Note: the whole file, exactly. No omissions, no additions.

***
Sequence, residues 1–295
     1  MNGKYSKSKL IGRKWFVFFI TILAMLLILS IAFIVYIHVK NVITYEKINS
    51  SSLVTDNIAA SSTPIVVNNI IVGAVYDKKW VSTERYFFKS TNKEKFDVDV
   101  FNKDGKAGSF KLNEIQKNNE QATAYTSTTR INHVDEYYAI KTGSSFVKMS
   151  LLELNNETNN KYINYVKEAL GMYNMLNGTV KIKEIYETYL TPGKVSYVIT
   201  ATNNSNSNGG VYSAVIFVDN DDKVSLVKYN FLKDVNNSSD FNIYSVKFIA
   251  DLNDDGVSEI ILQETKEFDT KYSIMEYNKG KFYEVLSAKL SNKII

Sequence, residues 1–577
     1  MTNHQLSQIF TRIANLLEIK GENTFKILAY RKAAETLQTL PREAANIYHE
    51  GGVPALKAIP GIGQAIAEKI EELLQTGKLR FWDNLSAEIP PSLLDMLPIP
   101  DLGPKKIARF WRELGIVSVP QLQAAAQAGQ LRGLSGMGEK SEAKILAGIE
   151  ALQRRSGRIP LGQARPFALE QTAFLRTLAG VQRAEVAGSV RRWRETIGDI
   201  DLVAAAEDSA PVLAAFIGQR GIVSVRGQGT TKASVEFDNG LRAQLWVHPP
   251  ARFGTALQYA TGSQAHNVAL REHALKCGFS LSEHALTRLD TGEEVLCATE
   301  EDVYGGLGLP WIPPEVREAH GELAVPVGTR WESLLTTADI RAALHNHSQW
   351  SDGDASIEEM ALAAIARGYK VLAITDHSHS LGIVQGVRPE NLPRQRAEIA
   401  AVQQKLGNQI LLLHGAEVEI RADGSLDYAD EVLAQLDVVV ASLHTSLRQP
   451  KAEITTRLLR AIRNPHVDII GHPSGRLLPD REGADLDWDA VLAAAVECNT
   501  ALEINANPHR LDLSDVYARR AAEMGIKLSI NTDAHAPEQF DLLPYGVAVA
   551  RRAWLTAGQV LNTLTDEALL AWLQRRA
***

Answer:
Sequence, residues 1–295
     1  MNGKYSKSKL IGRKWFVFFI TILAMLLILS IAFIVYIHVK NVITYEKINS
    51  SSLVTDNIAA SSTPIVVNNI IVGAVYDKKW VSTERYFFKS TNKEKFDVDV
   101  FNKDGKAGSF KLNEIQKNNE QATAYTSTTR INHVDEYYAI KTGSSFVKMS
   151  LLELNNETNN KYINYVKEAL GMYNMLNGTV KIKEIYETYL TPGKVSYVIT
   201  ATNNSNSNGG VYSAVIFVDN DDKVSLVKYN FLKDVNNSSD FNIYSVKFIA
   251  DLNDDGVSEI ILQETKEFDT KYSIMEYNKG KFYEVLSAKL SNKII

Sequence, residues 1–577
     1  MTNHQLSQIF TRIANLLEIK GENTFKILAY RKAAETLQTL PREAANIYHE
    51  GGVPALKAIP GIGQAIAEKI EELLQTGKLR FWDNLSAEIP PSLLDMLPIP
   101  DLGPKKIARF WRELGIVSVP QLQAAAQAGQ LRGLSGMGEK SEAKILAGIE
   151  ALQRRSGRIP LGQARPFALE QTAFLRTLAG VQRAEVAGSV RRWRETIGDI
   201  DLVAAAEDSA PVLAAFIGQR GIVSVRGQGT TKASVEFDNG LRAQLWVHPP
   251  ARFGTALQYA TGSQAHNVAL REHALKCGFS LSEHALTRLD TGEEVLCATE
   301  EDVYGGLGLP WIPPEVREAH GELAVPVGTR WESLLTTADI RAALHNHSQW
   351  SDGDASIEEM ALAAIARGYK VLAITDHSHS LGIVQGVRPE NLPRQRAEIA
   401  AVQQKLGNQI LLLHGAEVEI RADGSLDYAD EVLAQLDVVV ASLHTSLRQP
   451  KAEITTRLLR AIRNPHVDII GHPSGRLLPD REGADLDWDA VLAAAVECNT
   501  ALEINANPHR LDLSDVYARR AAEMGIKLSI NTDAHAPEQF DLLPYGVAVA
   551  RRAWLTAGQV LNTLTDEALL AWLQRRA